A mountain climber will know that the air becomes colder the higher you ascend, by about one degree centigrade every 150 metres. Since sunlight is absorbed by the ground, the ground becomes warmer. In the overturning troposphere, energy is transmitted upward by the reradiation of heat and the rise of warm, moist air.
The rising air causes much of our weather, with clouds regularly reaching 15 kilometres in the tropics.
All of our weather is experienced in the troposphere, the lowest layer of the atmosphere. Above that sits the quiescent stratosphere and the tenuous mesosphere.
But what happens if we climb higher? The air can't just keep getting colder. The air starts to warm once more as we ascend further, and the density of the air dwindles to about one-tenth of what it was at the surface. Finally, we have reached the stratosphere.
By absorbing ultraviolet light from the sun, the ozone layer warms the atmosphere. As warmer air is now sitting atop cooler air, everything is stable. Here, there is no weather.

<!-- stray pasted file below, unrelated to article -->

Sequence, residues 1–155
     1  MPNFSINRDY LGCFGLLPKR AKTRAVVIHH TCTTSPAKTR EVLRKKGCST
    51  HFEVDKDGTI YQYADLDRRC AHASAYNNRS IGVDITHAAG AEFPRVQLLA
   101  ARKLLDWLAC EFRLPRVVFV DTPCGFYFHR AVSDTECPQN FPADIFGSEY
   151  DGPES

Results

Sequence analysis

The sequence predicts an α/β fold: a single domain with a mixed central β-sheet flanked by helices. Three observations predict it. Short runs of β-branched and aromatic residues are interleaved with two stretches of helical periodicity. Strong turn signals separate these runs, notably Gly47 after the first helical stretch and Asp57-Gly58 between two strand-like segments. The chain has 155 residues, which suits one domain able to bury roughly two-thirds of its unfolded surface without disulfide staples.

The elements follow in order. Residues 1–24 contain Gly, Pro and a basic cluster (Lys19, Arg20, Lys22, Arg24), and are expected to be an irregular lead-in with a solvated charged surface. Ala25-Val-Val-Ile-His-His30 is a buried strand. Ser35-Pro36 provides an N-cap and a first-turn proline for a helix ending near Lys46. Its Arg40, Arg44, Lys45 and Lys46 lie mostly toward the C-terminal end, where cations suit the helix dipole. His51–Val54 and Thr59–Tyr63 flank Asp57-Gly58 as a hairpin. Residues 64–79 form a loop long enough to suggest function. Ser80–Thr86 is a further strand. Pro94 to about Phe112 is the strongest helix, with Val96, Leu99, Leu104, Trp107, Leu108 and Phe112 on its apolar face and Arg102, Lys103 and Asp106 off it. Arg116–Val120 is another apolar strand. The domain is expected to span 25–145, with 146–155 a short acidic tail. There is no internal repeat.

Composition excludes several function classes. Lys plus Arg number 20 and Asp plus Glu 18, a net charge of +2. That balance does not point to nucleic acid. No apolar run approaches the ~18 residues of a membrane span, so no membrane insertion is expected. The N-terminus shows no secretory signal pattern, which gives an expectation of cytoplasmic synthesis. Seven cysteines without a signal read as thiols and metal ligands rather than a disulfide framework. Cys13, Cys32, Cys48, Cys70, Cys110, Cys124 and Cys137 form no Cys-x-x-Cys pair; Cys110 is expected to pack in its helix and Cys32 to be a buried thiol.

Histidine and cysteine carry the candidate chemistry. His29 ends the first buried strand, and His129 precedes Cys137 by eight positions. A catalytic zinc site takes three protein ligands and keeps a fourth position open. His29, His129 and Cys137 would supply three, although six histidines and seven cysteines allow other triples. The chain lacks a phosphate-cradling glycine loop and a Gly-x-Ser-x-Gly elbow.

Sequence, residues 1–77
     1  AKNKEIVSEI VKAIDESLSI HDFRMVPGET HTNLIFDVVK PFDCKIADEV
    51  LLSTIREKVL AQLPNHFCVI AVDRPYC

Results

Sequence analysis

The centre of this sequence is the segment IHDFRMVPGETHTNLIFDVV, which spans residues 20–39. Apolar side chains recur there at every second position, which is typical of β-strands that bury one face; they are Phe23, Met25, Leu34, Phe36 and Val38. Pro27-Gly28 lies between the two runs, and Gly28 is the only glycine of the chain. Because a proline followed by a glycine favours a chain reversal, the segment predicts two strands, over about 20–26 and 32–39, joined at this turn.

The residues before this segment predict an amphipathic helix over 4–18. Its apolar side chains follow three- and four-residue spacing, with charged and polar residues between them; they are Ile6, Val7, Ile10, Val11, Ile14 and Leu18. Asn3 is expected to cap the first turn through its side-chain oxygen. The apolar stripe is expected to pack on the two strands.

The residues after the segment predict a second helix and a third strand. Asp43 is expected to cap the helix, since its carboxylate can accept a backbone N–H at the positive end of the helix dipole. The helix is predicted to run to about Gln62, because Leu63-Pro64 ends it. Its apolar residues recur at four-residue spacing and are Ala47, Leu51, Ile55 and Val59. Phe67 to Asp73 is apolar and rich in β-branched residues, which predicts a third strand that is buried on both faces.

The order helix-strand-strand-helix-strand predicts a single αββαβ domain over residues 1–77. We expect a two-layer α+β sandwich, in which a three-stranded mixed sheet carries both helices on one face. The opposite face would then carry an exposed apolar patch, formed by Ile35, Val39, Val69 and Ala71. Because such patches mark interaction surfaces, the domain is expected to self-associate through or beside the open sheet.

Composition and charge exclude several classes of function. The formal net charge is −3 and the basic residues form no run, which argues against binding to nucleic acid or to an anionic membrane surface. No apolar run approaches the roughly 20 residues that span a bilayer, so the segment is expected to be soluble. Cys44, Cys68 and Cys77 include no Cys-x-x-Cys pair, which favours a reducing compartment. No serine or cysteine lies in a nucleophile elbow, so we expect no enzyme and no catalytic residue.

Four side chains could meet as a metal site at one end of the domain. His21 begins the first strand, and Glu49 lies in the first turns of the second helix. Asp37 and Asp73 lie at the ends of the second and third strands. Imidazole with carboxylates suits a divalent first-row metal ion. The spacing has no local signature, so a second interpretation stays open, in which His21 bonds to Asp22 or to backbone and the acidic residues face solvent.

As the ozone thins, temperatures begin to drop again: we have reached the mesosphere. Here, the air is 10,000 times thinner than at the surface and is once again turbulent. As the weather warms during the summer, ripples travel up from distant weather systems below, creating winds that pull the air upwards. This creates the coldest point in the atmosphere, more than 100 degrees below zero.
Other planets have tropospheres and stratospheres, and the boundary between them is often about the same pressure as Earth's. However, in Jupiter's atmosphere, the heating balance is different because much of the energy comes from a mysterious source deep in the atmosphere beyond observation.